The House Resources Committee held a hearing on H.R.4671, a bill allowing states to voluntarily withdraw from the ban on oil and gas drilling. Currently, a presidential moratorium signed by President George H.W. Bush and renewed by President Bill Clinton forbids drilling off of American coastlines. Chairman Richard Pombo (R-CA) expressed his desire to see this bill enacted during his opening statement. "Congress must establish a commonsense, flexible framework that balances the competing interests of different states and enhances the country's ability to increase energy production at the same time," said Pombo. Rep. Robert Jindal (R-LA) expressed his support for the bill because drilling royalties will help fund coastal conservation projects. "Thirty square miles of Louisiana coastline are disappearing a year, while the state does not receive any royalties for resources extracted from its coastline."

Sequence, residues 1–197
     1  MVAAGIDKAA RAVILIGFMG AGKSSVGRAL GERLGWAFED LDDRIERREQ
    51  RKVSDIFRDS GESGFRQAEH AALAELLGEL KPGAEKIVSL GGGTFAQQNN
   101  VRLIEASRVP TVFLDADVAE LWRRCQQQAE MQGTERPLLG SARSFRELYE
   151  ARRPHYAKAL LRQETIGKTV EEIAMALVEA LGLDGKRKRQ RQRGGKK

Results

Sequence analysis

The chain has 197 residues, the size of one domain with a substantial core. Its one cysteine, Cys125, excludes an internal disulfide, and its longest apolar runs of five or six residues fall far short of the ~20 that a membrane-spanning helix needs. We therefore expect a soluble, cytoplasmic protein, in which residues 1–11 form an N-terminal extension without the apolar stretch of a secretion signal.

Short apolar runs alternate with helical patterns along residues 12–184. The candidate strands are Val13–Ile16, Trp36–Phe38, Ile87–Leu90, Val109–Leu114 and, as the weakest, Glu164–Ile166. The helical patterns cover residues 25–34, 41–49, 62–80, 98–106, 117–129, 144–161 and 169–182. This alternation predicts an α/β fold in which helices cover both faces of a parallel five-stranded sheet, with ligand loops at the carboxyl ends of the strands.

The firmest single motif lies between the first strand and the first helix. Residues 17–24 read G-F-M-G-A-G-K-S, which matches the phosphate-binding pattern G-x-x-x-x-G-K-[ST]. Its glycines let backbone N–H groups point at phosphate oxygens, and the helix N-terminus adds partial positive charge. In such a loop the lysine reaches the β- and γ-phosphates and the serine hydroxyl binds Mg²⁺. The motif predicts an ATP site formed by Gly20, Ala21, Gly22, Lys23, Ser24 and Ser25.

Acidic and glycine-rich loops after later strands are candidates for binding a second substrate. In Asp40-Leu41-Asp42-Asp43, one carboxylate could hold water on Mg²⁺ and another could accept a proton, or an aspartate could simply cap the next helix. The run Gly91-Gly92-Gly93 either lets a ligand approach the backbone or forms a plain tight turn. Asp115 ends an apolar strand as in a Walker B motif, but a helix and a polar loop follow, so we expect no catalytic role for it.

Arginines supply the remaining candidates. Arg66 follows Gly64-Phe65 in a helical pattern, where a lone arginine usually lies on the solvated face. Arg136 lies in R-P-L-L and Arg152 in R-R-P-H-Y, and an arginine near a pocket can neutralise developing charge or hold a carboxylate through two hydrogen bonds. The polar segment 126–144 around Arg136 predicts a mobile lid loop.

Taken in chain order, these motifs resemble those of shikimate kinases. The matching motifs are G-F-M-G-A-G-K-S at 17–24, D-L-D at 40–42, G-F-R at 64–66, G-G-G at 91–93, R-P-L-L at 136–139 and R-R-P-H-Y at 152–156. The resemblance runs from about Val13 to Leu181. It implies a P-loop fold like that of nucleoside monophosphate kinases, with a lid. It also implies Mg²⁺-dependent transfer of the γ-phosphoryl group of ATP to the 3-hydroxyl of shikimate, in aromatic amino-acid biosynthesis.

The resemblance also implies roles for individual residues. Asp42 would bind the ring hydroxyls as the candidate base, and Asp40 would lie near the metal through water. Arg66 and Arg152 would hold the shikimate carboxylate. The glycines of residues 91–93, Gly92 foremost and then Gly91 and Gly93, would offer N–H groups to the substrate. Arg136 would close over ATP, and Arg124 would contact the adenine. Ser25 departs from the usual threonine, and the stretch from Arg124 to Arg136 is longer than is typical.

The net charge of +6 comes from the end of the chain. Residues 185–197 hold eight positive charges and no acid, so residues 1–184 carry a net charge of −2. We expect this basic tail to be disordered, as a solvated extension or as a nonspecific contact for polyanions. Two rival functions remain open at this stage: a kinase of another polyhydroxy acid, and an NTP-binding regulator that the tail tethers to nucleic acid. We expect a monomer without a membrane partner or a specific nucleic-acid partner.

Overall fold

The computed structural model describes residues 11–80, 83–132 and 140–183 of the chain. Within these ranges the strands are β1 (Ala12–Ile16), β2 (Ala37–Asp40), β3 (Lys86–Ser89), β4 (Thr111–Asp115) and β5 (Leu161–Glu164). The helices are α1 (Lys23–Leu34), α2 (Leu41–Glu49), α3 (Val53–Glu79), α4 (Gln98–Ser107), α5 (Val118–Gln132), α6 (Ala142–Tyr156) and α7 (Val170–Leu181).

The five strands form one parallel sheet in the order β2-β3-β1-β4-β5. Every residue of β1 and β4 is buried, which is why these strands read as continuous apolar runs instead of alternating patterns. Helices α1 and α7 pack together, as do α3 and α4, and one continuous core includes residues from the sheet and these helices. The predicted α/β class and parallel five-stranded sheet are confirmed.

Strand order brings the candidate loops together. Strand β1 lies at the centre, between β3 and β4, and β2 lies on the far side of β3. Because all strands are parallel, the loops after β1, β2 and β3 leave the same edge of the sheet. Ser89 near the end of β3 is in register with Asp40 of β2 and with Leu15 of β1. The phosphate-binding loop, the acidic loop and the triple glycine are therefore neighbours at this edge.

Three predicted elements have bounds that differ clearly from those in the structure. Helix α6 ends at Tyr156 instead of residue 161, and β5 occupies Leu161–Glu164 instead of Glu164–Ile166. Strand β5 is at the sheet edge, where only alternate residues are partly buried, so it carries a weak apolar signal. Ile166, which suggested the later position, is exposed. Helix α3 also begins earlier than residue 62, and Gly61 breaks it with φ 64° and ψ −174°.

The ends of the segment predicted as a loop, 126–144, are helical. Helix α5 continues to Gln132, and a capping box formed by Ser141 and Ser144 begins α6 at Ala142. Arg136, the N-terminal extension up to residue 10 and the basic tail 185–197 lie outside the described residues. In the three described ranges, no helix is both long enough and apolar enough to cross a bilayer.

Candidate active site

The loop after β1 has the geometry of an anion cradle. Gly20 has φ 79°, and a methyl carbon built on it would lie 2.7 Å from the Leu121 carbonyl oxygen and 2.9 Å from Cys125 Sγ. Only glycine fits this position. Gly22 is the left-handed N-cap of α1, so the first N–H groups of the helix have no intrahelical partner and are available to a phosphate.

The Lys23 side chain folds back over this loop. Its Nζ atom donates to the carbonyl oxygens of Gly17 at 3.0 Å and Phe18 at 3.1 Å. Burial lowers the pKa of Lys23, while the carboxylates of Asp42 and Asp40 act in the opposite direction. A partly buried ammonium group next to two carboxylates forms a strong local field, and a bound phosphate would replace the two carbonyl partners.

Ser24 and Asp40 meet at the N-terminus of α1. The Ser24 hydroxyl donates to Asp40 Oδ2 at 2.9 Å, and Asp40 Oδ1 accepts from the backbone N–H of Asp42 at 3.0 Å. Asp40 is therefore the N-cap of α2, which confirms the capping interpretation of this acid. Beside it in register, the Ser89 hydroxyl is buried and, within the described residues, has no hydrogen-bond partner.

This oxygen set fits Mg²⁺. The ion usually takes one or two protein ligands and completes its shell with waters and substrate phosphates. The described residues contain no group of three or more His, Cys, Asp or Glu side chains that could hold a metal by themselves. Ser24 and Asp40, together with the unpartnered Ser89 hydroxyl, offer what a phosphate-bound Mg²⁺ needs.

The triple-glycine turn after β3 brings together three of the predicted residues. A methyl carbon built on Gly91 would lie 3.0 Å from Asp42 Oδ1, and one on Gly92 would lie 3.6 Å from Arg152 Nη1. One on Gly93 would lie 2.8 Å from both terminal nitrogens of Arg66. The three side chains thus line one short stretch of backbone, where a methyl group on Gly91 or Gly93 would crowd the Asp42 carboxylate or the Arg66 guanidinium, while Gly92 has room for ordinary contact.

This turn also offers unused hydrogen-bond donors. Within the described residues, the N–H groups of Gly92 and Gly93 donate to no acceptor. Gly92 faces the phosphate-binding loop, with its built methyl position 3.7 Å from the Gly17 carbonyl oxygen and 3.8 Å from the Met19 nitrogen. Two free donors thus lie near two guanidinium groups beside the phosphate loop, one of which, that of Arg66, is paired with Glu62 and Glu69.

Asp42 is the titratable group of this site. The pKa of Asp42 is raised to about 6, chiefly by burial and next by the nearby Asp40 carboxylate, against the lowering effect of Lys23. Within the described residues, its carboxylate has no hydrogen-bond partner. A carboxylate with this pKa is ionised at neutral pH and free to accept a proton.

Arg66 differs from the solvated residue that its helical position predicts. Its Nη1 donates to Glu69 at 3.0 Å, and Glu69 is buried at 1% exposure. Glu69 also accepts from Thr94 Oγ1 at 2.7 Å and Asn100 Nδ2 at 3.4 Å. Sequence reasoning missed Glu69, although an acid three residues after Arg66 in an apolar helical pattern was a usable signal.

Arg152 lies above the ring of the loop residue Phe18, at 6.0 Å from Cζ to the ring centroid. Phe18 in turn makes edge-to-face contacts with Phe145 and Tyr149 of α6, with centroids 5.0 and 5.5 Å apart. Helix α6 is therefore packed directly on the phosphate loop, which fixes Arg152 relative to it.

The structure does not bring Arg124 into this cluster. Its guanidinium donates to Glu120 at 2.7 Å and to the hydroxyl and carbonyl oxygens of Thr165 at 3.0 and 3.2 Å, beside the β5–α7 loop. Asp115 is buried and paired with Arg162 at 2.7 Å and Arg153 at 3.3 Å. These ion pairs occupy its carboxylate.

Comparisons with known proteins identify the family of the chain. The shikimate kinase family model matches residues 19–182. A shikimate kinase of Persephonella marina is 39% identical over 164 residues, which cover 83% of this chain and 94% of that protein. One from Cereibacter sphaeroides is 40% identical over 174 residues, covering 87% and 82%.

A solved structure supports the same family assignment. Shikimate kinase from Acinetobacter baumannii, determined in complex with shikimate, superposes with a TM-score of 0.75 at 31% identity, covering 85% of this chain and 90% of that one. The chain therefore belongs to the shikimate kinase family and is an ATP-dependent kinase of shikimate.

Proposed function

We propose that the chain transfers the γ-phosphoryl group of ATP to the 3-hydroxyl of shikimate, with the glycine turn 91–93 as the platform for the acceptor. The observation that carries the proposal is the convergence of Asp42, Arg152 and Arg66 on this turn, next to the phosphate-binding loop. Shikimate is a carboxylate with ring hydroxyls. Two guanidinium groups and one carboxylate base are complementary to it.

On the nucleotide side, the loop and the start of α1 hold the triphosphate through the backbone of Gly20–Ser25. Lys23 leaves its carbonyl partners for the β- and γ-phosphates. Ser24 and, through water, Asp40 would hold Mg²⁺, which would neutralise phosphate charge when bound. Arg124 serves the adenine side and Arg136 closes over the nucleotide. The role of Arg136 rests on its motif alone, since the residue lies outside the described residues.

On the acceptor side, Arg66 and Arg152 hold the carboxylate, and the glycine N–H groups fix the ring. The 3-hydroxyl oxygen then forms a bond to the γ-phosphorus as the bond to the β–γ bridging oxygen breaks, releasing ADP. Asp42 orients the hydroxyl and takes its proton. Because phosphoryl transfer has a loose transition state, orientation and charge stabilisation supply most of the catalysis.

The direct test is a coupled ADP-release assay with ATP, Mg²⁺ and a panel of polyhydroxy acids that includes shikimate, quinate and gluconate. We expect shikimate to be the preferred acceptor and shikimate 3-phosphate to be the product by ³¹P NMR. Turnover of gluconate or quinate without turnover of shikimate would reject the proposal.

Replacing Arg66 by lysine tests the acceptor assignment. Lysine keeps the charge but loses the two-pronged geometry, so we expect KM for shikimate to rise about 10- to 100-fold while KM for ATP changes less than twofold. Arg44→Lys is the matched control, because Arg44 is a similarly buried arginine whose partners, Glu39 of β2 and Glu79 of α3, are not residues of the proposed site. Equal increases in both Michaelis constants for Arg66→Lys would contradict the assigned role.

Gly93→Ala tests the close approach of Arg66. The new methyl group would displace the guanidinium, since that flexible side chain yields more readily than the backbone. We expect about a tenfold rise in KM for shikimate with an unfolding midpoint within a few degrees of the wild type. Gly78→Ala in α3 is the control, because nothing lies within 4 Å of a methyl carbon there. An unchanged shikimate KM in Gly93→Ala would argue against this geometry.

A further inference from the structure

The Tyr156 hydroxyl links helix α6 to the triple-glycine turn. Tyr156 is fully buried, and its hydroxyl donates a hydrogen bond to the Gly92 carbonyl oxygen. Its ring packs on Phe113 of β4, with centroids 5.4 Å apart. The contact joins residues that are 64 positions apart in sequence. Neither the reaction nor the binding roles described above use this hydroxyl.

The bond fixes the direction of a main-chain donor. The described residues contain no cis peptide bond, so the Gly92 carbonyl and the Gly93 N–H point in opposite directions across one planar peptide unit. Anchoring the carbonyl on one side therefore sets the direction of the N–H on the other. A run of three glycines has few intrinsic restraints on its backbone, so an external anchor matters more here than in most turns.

Several witnesses reviewed environmentally-friendly drilling practices. Johnnie Burton, the Acting Assistant Secretary for Land and Minerals Management, said modern offshore drilling platforms are built to ensure the amount of hydrocarbons released into the environment under current practices is minimal, especially when compared to natural seepage "The National Academy of Sciences indicates that 150 times as much hydrocarbon is released naturally than by industry," Burton said. Safety mechanisms have been installed to prevent release during natural disasters as well. During hurricanes Katrina and Rita, only one platform released hydrocarbons into the water. Automatic safety valves had shut off the flow of oil from wells before platforms were severely damaged. Furthermore, shipping oil from the Middle East is a higher risk than drilling. A source of energy closer to the United States reduces the need to ship oil and gas long distances.